We know from Topsy-Turvy that Mike Leigh loves Gilbert and Sullivan, so he was the obvious choice to mount the production of The Pirates of Penzance or the Slave of Duty that the English National Opera is counting on to rescue its shaky finances. In his programme essay he makes a good case for seeing Gilbert as a surrealist and a subversive, but not a satirist — meaning that the point of the Savoy Operas “is never to draw specific parallels.” Regarding them as specific attacks is, he thinks, to miss their “raw edge.”
In an odd way, the thousands of school productions every year of G & S operettas agree with half of Leigh’s thesis, as few of them ever draw specific parallels with events, people or institutions that could have been Gilbert’s historic targets. I admit it was a long time ago, but I have difficulty recalling anything like a raw edge in the school production of Pinafore in which I participated (but also cannot remember what role I sang).
It’s equally hard to spot the raw edges in Leigh’s Pirates, except perhaps for the soupçon of sympathy his direction elicits for the Pirate Apprentice Frederic’s spurning of the (carnal) love of his nanny, now Piratical Maid of All Work, Ruth. In the raw edges league, Leigh’s Pirates is left far behind by Sir Jonathan Miller’s ENO-lifesaving production of Mikado.
However, this is a terrifically enjoyable production, especially musically and – full marks to Leigh – dramatically. Conductor David Parry brings out the complicated textures of Sullivan’s score (except, I thought, in the overture – is it possible that Sullivan didn’t take enough trouble in it over the orchestration?). The choruses looked absolutely wonderful, pirates, police and Major-General Stanley’s daughters alike. Take a bow, Alison Chitty, whose strongly coloured sets mostly contained a sort of aperture through which we, the audience, saw the action on the stage; and lighting designer Paul Pyant, whose effects greatly enhanced the minimal choreography of Francesca Jaynes.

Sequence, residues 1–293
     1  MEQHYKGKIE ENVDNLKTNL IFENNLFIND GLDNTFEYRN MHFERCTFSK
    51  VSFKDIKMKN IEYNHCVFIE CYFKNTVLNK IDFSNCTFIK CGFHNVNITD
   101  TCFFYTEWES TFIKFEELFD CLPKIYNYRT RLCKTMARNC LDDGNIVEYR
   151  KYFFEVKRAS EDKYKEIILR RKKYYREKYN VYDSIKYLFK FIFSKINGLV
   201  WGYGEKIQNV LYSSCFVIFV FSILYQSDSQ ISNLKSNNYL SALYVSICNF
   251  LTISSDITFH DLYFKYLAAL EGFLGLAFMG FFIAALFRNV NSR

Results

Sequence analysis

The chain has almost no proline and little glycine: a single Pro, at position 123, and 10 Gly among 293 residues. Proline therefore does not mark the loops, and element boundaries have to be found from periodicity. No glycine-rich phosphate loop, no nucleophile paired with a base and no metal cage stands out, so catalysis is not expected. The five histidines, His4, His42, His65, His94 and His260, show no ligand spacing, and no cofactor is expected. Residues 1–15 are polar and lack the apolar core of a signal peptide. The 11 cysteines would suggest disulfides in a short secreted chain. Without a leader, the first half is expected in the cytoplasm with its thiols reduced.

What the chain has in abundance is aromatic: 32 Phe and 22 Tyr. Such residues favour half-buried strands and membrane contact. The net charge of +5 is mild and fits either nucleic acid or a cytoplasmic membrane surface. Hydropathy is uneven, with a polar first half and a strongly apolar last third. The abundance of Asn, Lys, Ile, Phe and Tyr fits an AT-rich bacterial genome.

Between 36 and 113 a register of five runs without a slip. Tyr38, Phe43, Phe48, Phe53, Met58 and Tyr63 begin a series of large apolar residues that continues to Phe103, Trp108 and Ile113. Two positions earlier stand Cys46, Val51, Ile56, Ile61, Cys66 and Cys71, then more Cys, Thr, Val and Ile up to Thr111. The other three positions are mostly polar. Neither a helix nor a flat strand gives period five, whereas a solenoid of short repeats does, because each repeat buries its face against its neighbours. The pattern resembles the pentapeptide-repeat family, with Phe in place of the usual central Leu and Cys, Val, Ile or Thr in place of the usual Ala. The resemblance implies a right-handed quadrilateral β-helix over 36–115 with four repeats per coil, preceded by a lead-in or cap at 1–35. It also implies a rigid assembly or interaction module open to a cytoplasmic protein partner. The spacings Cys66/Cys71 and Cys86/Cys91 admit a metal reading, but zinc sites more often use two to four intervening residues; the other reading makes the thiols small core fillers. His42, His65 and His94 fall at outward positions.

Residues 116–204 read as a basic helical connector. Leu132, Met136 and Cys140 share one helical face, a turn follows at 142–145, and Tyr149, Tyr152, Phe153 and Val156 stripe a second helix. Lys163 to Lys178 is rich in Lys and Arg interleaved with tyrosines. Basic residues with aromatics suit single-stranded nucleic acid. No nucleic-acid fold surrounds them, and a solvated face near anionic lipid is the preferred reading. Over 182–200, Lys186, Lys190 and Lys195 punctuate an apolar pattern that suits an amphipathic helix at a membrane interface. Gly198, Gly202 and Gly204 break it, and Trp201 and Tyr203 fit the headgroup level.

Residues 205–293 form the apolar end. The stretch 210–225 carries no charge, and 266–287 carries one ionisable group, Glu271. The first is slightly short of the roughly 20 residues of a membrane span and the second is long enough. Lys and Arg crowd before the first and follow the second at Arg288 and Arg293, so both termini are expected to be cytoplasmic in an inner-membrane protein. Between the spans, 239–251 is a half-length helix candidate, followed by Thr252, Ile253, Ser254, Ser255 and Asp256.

Above all the soloists were very good actors indeed, and some of them spectacular vocal performers. Of the veteran singers, I remember with relish Rebecca de Pont Davies’s in Garsington Opera’s production of Strauss’s Daphne for her Gaea, a role for a sort of bass-contralto, and even in this G & S mezzo role with its mostly high tessitura her lower register is thrilling. What casting could be more luxurious than to have Andrew Shore, Bayreuth’s Alberich (who was also a notable ENO Beckmesser) to sing the Major-General? Well, here it was matched by having Jonathan Lemalu to sing the Sergeant of Police. (My wife registered some disappointment that the conductor did not, as in am-dram productions, turn to the vast Coliseum audience and invite them to sing along to the final chorus of “A Policeman’s Lot is Not a Happy One.”)
British tenor Robert Murray’s Frederic deserves high praise, but Irish soprano Claudia Boyle’s Mabel was among the spectaculars, both for her flawless coloratura and for terrific comedy acting. On the last ditto for the flashing-eyed, dashingly handsome Pirate King, Joshua Bloom, the bass born in Australia to an American father.
Is Pirates bankable like Miller’s Mikado? Will it do the job it’s meant to do for the ENO? Hard to say, but on leaving, my companion said to me, ominously, “I really enjoyed the whole production. But I wouldn’t want to see it again.”